For more details on how I do it, check this out: Decoding your Reference Letter in Germany (Arbeitszeugnis)

Health insurance and social security contribution requirement

Health insurance

In Germany, having health insurance is a must for all employees, including those from abroad. There are two main types: statutory (public) health insurance and private health insurance.

Statutory is for those earning less than €69,300 per year (in 2024), while private is an option for higher earners. Both provide good medical coverage, but there are cost and coverage differences.

To learn more, check this out: Private vs Public Health Insurance: What is Better for Expats in Germany?

I personally used TK public insurance. If you must use public health insurance, TK is a good choice.

Read more here: TK Review – My Personal Experience With TK Health Insurance

Social security

Apart from health insurance, there’s the social security system, which includes pensionsunemployment benefits, and disability insurance. Employers and employees share contributions for these, ensuring a safety net for everyone. It’s like a support system for various life situations.

When I worked in Germany, my company contributed to different insurance such as life insurance, accident insurance, and disability insurance for the employees. However, the coverage was really low. That’s why I have also private policies for those insurances, which provide much better coverage at a low cost.

I would suggest you check what your employer in Germany is offering. And it is likely beneficial for you too to get private coverage. Check out my below guide for more information:

How about pensions in Germany?

How does pension work in Germany?

In Germany, the pension system works like this: 

When you work, a portion of your salary goes into the pension fund. This money is not saved for you. Instead, it’s used to pay the pensions of current retirees.

The current contribution rate is 18.6% of your gross salary, with half paid by your employer and half deducted from your paycheck

This is very different from the pension system I used to know. For example, in Hong Kong or in the US, we also contribute to our pension plan every month, which is deducted directly from our salary. But this pension contribution is our own money. This is not used to pay for the current retirees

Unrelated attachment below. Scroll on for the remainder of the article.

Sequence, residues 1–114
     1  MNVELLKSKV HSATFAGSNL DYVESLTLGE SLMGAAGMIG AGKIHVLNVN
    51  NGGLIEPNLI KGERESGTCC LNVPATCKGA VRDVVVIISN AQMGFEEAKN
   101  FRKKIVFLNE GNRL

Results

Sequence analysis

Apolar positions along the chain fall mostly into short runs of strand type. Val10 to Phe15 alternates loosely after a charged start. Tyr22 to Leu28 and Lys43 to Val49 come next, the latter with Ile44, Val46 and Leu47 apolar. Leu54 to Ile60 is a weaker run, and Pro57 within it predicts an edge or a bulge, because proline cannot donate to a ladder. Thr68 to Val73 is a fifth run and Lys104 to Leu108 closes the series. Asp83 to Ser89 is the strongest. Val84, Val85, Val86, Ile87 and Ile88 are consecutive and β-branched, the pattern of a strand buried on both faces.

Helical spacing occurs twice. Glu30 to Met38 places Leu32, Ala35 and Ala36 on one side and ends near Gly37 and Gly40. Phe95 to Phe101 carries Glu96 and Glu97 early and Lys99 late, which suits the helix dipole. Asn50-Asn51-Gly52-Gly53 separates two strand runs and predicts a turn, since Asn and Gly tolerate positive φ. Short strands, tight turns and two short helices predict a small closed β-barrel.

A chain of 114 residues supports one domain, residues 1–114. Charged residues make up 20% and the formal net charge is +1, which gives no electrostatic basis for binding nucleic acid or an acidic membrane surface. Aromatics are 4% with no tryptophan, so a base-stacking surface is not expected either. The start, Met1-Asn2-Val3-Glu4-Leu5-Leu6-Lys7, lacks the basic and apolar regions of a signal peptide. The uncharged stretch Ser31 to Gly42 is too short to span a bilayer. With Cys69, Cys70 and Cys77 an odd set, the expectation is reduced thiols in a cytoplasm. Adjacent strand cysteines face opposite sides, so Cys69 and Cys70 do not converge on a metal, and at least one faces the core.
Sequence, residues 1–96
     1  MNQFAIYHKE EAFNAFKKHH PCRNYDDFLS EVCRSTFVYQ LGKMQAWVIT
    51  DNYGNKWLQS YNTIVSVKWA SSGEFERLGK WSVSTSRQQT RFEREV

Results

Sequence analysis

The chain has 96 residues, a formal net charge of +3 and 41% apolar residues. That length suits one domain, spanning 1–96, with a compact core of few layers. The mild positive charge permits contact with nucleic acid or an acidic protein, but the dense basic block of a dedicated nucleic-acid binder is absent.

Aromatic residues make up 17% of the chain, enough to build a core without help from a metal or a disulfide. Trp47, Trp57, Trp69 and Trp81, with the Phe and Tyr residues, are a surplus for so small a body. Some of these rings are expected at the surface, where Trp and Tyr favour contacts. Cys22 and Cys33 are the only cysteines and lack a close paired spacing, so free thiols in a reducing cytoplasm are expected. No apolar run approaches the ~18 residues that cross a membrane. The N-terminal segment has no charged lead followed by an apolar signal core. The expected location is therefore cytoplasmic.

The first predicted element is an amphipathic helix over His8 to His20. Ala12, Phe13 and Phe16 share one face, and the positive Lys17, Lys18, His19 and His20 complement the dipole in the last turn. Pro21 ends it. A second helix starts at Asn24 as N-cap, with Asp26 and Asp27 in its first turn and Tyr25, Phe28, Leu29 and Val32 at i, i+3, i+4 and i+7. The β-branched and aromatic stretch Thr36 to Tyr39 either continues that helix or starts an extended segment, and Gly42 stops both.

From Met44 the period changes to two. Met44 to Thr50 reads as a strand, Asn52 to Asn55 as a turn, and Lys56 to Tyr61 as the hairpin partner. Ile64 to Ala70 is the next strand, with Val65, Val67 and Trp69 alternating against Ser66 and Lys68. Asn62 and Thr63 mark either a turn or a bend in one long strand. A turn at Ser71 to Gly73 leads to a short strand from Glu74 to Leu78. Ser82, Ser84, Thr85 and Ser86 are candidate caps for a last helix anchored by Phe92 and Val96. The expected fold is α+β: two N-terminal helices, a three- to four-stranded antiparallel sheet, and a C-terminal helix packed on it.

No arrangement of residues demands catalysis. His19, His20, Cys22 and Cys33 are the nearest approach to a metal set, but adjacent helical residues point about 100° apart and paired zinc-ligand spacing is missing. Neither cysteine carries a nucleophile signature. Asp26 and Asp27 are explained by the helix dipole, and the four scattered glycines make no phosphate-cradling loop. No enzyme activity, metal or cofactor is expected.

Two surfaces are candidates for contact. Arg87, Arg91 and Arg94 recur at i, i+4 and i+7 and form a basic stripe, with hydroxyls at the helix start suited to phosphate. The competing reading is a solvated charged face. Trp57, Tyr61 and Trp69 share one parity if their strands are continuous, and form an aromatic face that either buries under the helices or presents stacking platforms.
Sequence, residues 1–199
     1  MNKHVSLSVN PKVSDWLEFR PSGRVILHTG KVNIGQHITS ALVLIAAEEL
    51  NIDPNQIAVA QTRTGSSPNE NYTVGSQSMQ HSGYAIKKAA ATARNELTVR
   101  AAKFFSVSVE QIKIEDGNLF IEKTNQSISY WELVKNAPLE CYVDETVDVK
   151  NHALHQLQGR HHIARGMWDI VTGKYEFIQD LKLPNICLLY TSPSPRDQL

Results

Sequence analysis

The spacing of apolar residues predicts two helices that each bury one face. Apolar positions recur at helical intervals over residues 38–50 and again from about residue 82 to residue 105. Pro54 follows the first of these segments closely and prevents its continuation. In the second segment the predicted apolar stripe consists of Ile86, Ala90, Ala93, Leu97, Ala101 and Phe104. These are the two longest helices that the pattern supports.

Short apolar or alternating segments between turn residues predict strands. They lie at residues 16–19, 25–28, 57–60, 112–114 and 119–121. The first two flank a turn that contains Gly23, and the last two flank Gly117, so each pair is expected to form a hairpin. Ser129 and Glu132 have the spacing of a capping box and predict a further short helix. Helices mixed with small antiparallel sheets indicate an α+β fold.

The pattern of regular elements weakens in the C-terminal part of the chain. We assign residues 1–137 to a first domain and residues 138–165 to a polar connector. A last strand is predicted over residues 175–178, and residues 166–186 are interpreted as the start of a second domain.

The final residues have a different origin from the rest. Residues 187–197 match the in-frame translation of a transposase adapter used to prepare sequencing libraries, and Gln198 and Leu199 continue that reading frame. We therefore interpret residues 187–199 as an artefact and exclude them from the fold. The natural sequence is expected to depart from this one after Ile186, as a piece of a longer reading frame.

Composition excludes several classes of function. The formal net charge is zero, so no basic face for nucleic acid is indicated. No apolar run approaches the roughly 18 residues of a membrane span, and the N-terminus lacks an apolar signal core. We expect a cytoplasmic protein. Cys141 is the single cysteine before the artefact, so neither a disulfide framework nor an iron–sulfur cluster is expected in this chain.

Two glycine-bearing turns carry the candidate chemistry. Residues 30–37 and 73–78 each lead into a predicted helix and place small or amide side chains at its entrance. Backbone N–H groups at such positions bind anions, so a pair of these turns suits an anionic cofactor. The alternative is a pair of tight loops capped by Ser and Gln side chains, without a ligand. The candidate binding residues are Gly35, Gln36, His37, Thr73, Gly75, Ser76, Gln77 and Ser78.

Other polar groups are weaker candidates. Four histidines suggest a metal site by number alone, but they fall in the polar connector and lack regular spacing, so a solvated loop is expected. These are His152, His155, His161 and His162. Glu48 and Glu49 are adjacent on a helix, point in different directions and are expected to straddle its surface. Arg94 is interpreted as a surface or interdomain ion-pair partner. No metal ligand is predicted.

It means that if I contribute more, or if the fund appreciates, I am going to have a higher pension amount when I retire. I am not relying on the future generation to pay into my pension.

Note that in Germany, you can also find pension plans like that. You can do so by contributing to private pension plans

How much pension can you get when you retire in Germany?

Your contributions build up a claim to your own future pension. The amount you receive depends on factors like how much you contributed and for how long. The pension is a monthly payment for life.

You can start receiving your pension at a certain age, which was raised to 67 years gradually. If you retire earlier, you may face deductions. But if you retire later, your pension will be higher.

Who must contribute to the German pension system?

Almost all employees are required to contribute to the pension system. However, self-employed individuals are usually exempt, except for certain professions.

If you’re not required to contribute, you can still choose to do so voluntarily. The amount and number of contributions are flexible within certain limits.

What is the challenge for the German pension system?

The German pension system faces challenges due to people living longer and a declining birth rate. This means fewer people are contributing to the system compared to those receiving pensions.

I remember that I had often conversion with my colleagues in Germany. They were worried about their pension in the future. Because of the aging population, we may not have enough people paying into OUR pension in the future.

Potentially, it means a rising retirement age (already up from 65 to 67 years old!) and a reduced pension amount.

The pension you receive in the future may not be enough to cover your living expenses, creating a “pension gap.” To fill this gap, people often consider private retirement plans, employer-sponsored pension schemes, and government-supported plans like Riester pensions.

It’s essential to plan for your retirement early and explore different options to ensure financial security during your later years.

Besides pensions, you can look for other ways to invest your money. For more details, check this out: Invest in Germany as a Foreigner – Best English Guide

How about tax in Germany?

If you’re a foreign national working in Germany, how much tax you pay depends on where you live. If you’ve made Germany your home for at least 183 days in a tax year, your income gets taxed here. 

Now, let’s talk rates.

In 2024, if you’re single and making less than EUR 11,604, you’re in the clear – no tax!

Beyond that, it’s a sliding scale, going from 14% to 45% based on your income. Employers do the math, taking the tax from your salary and passing it on to the tax office.

And don’t forget, both employers and employees contribute to the social security amount. If you want some extra help with your taxes in English, there are many tax return software in Germany to choose from.